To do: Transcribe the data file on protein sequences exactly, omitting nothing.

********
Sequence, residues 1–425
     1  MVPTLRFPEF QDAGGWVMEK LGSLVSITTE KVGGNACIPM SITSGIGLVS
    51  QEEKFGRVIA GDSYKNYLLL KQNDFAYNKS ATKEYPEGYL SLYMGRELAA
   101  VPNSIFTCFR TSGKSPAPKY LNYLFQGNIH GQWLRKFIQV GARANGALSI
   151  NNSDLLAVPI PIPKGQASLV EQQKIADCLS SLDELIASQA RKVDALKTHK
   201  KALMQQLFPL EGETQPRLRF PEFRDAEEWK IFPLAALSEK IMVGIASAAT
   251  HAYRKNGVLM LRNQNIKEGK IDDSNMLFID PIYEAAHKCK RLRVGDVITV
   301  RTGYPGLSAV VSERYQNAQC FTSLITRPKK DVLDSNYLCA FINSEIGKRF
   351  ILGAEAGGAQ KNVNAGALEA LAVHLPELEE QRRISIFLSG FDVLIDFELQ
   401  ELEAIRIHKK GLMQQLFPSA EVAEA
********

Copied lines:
Sequence, residues 1–425
     1  MVPTLRFPEF QDAGGWVMEK LGSLVSITTE KVGGNACIPM SITSGIGLVS
    51  QEEKFGRVIA GDSYKNYLLL KQNDFAYNKS ATKEYPEGYL SLYMGRELAA
   101  VPNSIFTCFR TSGKSPAPKY LNYLFQGNIH GQWLRKFIQV GARANGALSI
   151  NNSDLLAVPI PIPKGQASLV EQQKIADCLS SLDELIASQA RKVDALKTHK
   201  KALMQQLFPL EGETQPRLRF PEFRDAEEWK IFPLAALSEK IMVGIASAAT
   251  HAYRKNGVLM LRNQNIKEGK IDDSNMLFID PIYEAAHKCK RLRVGDVITV
   301  RTGYPGLSAV VSERYQNAQC FTSLITRPKK DVLDSNYLCA FINSEIGKRF
   351  ILGAEAGGAQ KNVNAGALEA LAVHLPELEE QRRISIFLSG FDVLIDFELQ
   401  ELEAIRIHKK GLMQQLFPSA EVAEA